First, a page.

Google is working to make its Translate apps even more functional for users, especially those who travel in countries where they need some help understanding the languages spoken. Google announced that it updated the Google Translate app for Android and iOS to make it an even more powerful translation tool. The newly upgraded app extends the existing feature that enables users to snap a photo of text and get a translation in 36 languages to let users instantly translate text using their camera. Google’s blog post notes:
It’s way easier to navigate street signs in the Italian countryside or decide what to order off a Barcelona menu. While using the Translate app, just point your camera at a sign or text and you’ll see the translated text overlaid on your screen—even if you don’t have an Internet or data connection.
This instant translation feature currently works for English, to and from French, German, Italian, Portuguese, Russian and Spanish, and Google says that it’s working on expanding the feature to more languages. The feature is powered by the technology behind Word Lens, an app developed by Quest Visual and acquired by Google last May, which automatically translated words using a smartphone’s camera. Industry watchers at the time noted that Google would likely integrate the functionality into its Translate app, and the upgrade does just that. You can place a sign or a menu in the camera’s field of view, and the translated text will be overlaid on the screen almost instantly.
The Google Translate app also updates the real-time conversation mode, which enables users to talk to others who speak only an unfamiliar language. The conversation works more seamlessly in the new version of the app. Users simply tap the microphone icon in the app, start speaking in a language they’ve selected, and tap the microphone again. Then, the app will recognize which language is being spoken, and for the rest of the conversation, the user won’t need to tap the microphone again.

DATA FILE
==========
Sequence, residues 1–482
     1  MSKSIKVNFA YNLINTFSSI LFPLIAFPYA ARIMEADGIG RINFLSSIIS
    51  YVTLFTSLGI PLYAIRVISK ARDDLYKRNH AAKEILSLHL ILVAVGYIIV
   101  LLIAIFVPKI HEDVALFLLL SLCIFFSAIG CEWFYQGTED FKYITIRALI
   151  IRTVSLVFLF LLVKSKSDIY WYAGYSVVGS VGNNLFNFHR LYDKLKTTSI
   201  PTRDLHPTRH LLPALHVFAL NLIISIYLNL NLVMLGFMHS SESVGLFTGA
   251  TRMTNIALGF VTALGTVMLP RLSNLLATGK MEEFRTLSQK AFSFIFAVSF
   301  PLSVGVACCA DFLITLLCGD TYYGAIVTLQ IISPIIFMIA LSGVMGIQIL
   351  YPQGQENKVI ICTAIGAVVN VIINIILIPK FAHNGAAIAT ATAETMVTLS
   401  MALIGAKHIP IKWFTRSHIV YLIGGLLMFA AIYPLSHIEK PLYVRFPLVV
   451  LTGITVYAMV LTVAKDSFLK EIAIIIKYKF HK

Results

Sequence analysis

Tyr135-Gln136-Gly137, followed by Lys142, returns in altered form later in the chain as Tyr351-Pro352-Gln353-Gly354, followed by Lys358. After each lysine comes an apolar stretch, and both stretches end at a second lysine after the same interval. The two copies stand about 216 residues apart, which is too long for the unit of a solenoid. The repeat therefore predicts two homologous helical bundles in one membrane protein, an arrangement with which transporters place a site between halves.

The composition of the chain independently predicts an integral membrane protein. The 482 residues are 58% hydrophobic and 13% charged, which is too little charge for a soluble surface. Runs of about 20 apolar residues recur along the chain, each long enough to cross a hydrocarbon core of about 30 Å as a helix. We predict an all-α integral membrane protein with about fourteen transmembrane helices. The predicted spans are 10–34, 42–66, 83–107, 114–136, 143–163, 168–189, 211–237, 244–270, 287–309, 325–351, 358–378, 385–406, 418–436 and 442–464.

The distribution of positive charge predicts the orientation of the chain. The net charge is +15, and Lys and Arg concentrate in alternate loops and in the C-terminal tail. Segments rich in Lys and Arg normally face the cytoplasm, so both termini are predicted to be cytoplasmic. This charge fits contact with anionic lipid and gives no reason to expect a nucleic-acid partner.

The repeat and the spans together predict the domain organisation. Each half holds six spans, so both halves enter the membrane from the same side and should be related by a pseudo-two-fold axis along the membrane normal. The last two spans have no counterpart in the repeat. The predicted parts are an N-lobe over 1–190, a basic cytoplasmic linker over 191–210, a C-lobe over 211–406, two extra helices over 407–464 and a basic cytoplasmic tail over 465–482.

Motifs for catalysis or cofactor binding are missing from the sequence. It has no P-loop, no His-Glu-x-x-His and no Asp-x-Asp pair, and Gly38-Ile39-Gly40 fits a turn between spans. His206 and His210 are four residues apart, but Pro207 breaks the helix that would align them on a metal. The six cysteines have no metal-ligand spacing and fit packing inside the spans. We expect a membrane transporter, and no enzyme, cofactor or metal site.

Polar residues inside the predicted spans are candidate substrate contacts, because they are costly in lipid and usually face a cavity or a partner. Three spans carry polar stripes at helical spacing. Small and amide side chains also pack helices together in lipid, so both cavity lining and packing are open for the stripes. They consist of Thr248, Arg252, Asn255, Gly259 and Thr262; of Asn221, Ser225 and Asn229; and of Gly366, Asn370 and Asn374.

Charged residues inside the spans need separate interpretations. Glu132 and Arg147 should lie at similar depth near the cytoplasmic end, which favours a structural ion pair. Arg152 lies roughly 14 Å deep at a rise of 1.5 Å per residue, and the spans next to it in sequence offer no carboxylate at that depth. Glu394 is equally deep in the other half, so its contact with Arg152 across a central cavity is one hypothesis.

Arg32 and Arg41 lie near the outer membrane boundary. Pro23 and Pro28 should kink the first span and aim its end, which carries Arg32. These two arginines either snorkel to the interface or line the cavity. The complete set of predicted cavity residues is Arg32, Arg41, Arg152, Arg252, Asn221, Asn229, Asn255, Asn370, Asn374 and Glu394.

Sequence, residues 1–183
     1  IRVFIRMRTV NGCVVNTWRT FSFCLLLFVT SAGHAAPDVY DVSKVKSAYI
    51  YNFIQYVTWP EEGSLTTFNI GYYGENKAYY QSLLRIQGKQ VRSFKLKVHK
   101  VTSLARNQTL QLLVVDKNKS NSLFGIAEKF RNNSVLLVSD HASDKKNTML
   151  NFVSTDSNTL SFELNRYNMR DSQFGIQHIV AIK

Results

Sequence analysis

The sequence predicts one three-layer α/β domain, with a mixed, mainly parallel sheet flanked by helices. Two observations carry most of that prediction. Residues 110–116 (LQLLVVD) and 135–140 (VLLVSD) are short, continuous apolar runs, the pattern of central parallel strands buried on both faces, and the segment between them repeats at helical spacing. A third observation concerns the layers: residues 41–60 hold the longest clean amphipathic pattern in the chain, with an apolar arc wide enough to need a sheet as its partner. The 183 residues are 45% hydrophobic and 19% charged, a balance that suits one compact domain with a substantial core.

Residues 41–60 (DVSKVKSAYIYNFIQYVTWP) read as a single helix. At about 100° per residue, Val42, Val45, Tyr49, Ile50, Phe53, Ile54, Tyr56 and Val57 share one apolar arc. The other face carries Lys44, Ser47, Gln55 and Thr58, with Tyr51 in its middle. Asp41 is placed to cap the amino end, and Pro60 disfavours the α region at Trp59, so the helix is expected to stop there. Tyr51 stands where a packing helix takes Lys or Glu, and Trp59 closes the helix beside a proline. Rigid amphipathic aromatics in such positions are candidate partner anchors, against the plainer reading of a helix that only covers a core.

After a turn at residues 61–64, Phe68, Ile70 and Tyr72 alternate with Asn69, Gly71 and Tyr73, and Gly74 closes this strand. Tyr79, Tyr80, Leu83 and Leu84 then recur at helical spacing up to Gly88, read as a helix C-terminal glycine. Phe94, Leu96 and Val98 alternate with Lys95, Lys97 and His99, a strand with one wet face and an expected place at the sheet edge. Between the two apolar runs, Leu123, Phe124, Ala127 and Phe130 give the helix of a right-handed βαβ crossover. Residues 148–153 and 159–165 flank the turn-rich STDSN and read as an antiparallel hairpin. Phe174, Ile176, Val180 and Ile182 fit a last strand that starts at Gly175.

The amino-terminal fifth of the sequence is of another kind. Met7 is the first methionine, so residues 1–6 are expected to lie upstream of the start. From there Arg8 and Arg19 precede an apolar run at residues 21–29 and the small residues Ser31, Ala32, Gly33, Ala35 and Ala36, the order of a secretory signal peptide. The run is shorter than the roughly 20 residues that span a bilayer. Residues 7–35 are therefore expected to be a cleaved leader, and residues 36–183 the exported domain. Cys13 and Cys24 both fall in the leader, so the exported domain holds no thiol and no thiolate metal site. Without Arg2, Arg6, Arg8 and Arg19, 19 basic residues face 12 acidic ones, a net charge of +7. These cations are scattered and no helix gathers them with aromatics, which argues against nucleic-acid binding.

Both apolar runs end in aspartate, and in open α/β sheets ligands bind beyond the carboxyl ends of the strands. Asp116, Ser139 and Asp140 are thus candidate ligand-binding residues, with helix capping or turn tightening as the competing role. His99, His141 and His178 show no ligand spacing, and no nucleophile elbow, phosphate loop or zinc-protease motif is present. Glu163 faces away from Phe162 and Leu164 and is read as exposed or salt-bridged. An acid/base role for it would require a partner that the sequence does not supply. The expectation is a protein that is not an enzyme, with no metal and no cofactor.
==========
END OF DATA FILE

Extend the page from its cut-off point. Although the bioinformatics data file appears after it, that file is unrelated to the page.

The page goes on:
What that means in practical terms is that you’ll be able to ask for directions, for example, with your phone’s microphone positioned (conspicuously) near your mouth. Then the app will use a robotic voice to ask the question in the language you specify. After that, the conversation will automatically be translated between the two languages. VentureBeat notes that while Google Translate has had a conversation mode on Android for a few years, the app’s ability to detect who’s talking and translate in real time represents an important step forward.
Conor Dougherty notes in The New York Times that while the upgrades bring Google Translate a step closer to the science fiction ideal of a seamless universal translator, the technology isn’t quite there yet. The conversations the app enables aren’t entirely natural or seamless, at least not yet, and Dougherty reports that tests have shown it to work best with short, jargon-free sentences. It also requires a pause between translations. But as Dougherty notes, the feature takes “one more brick out of the language barrier.”
As Amar Toor points out in The Verge, even the upgraded version of Google Translate isn’t likely to be of much help to users seeking fluency in the language spoken around them, but it has the potential to make everyday life in a foreign country much easier. Toor tested the app’s abilities in Paris, noting that the Word Lens translations are fast and “mostly accurate,” though the app misses or mistranslates some words. Toor uncovered glitches with the speech recognition feature as well, especially when translating French slang. He notes that the app will be most useful for those new to a language, such as tourists looking to find their way to a specific attraction.
While the translations provided by the Google Translate apps may not prove extremely reliable, they’re likely useful enough for travelers to use as one of the tools to help them navigate a foreign city. After all, Google’s French may not be perfect, but its assistance may be just what you need to make sure you’re headed in the right direction, or ordering the correct food, when you don’t know French at all.
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